Examining caries aetiology in adolescence with structural equation modelling

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This analysis examines the aetiology of caries development in adolescents using structural equation modelling to identify behavioural mediators of the relationship between socioeconomic status (SES) and caries incidence, and to investigate the role of sex on caries-preventive behaviour and caries.


This analysis was based on data from the Iowa Fluoride Study, a longitudinal study of a birth cohort. We hypothesized that socioeconomic status earlier in life has a direct effect on caries development and an indirect effect from improved behavioural variables—dental visit attendance, toothbrushing frequency and percentage of beverage intake consisting of sugar-sweetened beverages—and that sex also plays a role in behavioural variables, as well as caries. A structural equation model was developed based on these hypotheses, and direct and indirect standardized path coefficients were calculated, as well as their standard errors.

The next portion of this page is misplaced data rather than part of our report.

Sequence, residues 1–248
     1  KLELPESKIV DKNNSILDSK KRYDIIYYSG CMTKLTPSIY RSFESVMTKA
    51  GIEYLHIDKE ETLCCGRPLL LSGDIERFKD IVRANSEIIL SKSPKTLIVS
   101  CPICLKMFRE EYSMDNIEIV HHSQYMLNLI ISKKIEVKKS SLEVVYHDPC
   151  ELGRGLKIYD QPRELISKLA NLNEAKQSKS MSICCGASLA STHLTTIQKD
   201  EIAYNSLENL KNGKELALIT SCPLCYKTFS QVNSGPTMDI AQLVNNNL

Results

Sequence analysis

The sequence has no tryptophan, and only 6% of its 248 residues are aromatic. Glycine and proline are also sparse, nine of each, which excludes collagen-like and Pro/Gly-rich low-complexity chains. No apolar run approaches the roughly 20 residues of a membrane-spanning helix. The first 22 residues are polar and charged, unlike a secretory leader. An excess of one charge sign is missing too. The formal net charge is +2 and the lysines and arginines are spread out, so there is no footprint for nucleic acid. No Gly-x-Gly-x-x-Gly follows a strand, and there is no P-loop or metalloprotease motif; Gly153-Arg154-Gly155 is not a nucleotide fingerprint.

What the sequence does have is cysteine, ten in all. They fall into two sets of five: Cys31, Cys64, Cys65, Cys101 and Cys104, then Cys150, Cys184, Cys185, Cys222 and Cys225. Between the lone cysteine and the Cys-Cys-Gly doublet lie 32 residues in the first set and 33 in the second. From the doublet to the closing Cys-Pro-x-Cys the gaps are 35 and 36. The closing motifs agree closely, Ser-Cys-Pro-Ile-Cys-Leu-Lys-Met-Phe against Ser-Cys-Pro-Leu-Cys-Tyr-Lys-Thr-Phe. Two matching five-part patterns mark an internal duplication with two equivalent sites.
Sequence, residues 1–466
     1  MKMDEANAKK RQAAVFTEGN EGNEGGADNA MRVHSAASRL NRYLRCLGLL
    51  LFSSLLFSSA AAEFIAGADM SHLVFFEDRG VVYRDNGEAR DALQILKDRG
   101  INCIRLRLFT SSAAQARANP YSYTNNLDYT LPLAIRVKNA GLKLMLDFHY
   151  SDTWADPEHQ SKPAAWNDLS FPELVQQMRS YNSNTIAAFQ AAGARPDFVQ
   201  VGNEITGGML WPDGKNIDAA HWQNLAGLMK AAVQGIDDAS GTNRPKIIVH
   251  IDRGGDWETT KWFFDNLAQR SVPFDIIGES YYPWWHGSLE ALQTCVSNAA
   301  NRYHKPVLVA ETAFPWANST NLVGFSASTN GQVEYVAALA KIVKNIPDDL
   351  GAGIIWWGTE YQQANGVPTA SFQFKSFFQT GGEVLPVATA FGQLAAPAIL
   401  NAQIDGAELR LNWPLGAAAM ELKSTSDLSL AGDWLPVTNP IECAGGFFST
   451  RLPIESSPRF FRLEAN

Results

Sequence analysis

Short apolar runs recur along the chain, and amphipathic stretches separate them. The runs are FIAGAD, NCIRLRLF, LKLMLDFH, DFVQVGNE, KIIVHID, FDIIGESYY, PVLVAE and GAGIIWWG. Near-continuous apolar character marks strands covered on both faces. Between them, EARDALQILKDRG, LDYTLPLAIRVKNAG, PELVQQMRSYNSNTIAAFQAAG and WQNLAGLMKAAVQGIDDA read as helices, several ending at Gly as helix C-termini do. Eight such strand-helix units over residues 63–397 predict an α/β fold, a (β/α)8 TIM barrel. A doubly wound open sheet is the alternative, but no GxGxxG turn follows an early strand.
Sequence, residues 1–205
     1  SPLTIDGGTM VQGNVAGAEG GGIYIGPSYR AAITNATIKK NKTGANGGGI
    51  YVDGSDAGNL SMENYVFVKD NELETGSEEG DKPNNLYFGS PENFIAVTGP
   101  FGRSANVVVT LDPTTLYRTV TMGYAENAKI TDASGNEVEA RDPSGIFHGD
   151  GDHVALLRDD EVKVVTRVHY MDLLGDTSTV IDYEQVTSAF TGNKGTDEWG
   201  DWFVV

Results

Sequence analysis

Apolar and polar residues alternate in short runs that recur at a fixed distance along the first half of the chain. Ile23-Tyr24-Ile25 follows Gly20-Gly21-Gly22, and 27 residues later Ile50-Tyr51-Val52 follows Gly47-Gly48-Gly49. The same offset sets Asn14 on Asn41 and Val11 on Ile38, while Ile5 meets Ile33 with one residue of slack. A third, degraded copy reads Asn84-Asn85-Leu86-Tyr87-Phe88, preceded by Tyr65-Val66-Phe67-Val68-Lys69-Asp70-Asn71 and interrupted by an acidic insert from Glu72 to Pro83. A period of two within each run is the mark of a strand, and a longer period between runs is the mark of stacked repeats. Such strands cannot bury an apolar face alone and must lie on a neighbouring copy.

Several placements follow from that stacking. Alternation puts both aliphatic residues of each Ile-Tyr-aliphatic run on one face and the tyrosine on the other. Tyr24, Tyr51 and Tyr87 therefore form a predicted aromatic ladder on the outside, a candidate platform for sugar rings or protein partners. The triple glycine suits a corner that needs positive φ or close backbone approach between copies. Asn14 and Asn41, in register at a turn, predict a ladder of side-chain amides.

Based on our proposed model, SES at birth significantly influences SES during adolescence, but not adolescent behaviours. The effect of SES during adolescence on caries in the permanent dentition is mediated by adolescent behaviours. Female participants have worse caries than male participants, despite lower self-reported percentages of sugar-sweetened beverage intake and more frequent brushing and dental attendance.


This analysis models the relationships among known causal factors for caries and suggests that the role of SES in caries may not be as important as previously thought and different behaviours that affect oral health between males and females as well as differences in caries between the sexes could begin during adolescence. These findings could help improve caries prevention programmes for adolescents.

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